K. Stol and B. Fitzgerald (2014) Two’s Company, Three’s a Crowd: A Case Study of Crowdsourcing Software Development, Proceedings of the 36th International Conference on Software Engineering, Hyderabad, India.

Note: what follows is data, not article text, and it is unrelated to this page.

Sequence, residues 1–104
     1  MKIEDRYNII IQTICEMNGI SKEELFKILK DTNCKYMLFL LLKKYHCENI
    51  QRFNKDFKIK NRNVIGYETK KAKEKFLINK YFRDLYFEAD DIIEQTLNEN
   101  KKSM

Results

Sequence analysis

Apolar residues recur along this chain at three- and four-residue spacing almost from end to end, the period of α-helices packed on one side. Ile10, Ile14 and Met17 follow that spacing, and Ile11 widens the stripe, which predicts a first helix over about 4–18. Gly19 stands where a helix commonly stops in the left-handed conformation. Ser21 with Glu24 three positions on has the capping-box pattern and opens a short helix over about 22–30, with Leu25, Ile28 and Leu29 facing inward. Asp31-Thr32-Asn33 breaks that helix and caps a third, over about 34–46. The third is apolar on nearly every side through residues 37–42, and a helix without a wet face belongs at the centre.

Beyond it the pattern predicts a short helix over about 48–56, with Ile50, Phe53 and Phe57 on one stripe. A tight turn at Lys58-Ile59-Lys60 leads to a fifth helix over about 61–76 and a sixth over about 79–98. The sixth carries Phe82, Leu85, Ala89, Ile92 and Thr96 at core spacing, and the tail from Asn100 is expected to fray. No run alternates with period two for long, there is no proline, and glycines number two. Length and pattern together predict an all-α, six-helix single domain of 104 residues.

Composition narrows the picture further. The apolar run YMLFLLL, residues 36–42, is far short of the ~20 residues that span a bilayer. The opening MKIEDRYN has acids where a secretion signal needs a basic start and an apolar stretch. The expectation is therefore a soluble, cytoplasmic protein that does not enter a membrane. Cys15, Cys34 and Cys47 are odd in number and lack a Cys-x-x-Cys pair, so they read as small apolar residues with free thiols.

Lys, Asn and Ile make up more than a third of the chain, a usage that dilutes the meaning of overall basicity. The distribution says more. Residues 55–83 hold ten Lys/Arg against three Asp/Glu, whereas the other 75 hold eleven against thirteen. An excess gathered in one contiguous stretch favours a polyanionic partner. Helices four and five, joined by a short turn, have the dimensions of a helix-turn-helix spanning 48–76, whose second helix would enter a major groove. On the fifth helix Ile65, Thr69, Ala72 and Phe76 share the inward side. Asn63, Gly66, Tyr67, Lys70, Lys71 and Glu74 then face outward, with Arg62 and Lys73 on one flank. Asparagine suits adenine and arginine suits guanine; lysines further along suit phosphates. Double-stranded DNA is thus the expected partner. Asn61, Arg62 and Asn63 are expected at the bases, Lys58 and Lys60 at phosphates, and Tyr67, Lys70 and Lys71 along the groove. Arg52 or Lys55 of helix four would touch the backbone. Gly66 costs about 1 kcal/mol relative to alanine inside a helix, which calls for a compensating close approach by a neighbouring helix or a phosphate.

Crowdsourcing is an emerging and promising approach which involves delegating a variety of tasks to an unknown workforce— the crowd. Crowdsourcing has been applied quite successfully in various contexts from basic tasks on Amazon Mechanical Turk to solving complex industry problems, e.g. InnoCentive. Companies are increasingly using crowdsourcing to accomplish specific soft- ware development tasks. However, very little research exists on this specific topic. This paper presents an in-depth industry case study of crowdsourcing software development at a multinational corporation. Our case study highlights a number of challenges that arise when crowdsourcing software development. For example, the crowdsourcing development process is essentially a waterfall model and this must eventually be integrated with the agile approach used by the company. Crowdsourcing works better for specific software development tasks that are less complex and stand-alone without interdependencies. The development cost was much greater than originally expected, overhead in terms of company effort to prepare specifications and answer crowdsourcing community queries was much greater, and the time-scale to com- plete contests, review submissions and resolve quality issues was significant. Finally, quality issues were pushed later in the lifecycle given the lengthy process necessary to identify and resolve quality issues. Given the emphasis in software engineering on identifying bugs as early as possible, this is quite problematic.